*** (out of four)
Formerly going by the far worse name of “Can A Song Save Your Life?,” “Begin Again” in some ways could be seen as writer-director John Carney’s attempt at "Twice” to follow-up his lovely 2006 musical drama “Once.” His long-awaited return again features loads of great music central to the relationships among its uniformly well-acted characters. At the center is Dan (Mark Ruffalo), a music exec who screams, “It’s [bleep],” as he tosses countless terrible demos out his window, and Gretta (Knightley), a songwriter prepping to leave New York after the end of her relationship with suddenly famous douche Dave (Levine). Dan hears Gretta perform at a bar, and bam: He must work with her and collect the musicians to create the arrangement in his head, depicted in one of the movie’s many joyous scenes.
With “Begin Again,” Carney shows both love and art as a discovery waiting to happen, with different sounds and feelings sometimes a matter of tapping into something others can’t detect. He uses lyrics as confession and kiss-off, encapsulation of things we can’t say and might not even consciously know until they’re put to a melody. The solid original songs come from Gregg Alexander, leader of the sadly short-lived New Radicals. Cee Lo also has a small role, in case seeing Levine really made you yearn for someone else from “The Voice.”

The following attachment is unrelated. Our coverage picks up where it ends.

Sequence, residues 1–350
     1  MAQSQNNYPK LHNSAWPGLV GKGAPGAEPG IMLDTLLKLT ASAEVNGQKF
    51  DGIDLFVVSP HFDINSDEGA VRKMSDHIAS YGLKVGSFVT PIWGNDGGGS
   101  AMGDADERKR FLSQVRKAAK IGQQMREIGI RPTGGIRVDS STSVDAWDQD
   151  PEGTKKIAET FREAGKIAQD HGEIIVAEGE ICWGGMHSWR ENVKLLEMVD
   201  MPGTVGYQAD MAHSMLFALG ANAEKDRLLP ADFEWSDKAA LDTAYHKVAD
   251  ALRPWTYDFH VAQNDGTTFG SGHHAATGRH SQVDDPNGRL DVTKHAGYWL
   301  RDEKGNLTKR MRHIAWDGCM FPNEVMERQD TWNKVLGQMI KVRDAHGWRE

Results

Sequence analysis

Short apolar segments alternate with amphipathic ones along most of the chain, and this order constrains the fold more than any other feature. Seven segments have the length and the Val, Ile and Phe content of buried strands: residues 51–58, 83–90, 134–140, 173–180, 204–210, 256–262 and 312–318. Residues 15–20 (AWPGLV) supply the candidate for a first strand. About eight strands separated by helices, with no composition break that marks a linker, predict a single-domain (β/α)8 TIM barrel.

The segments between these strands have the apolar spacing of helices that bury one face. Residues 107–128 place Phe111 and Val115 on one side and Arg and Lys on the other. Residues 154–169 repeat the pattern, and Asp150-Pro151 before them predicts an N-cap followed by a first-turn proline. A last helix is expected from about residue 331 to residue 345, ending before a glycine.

The movie’s not perfect. The backstory of Dan’s separation from his wife (Catherine Keener) and estrangement from his daughter (Hailee Steinfeld) feels as obvious as his boozing, and Carney flirts with a musical superiority that gets too close to elitism for comfort. Dan’s job (leaving a major label to start an indie) and perspective also feel a lot like Paul Rudd in “This is 40,” and “Begin Again” doesn’t really track Dan’s personal life outside of his interactions with Gretta. The result: a significantly botched ending.
Allow me to shrug that off, sort of. The warm, passionate “Begin Again” is an album of beautiful moments, well-versed in music’s ability to take over mind and body. Your heart and feet won’t be able to resist what might be called—despite the assumed objections of author Nick Hornby—a “High Fidelity” for the iPod generation.
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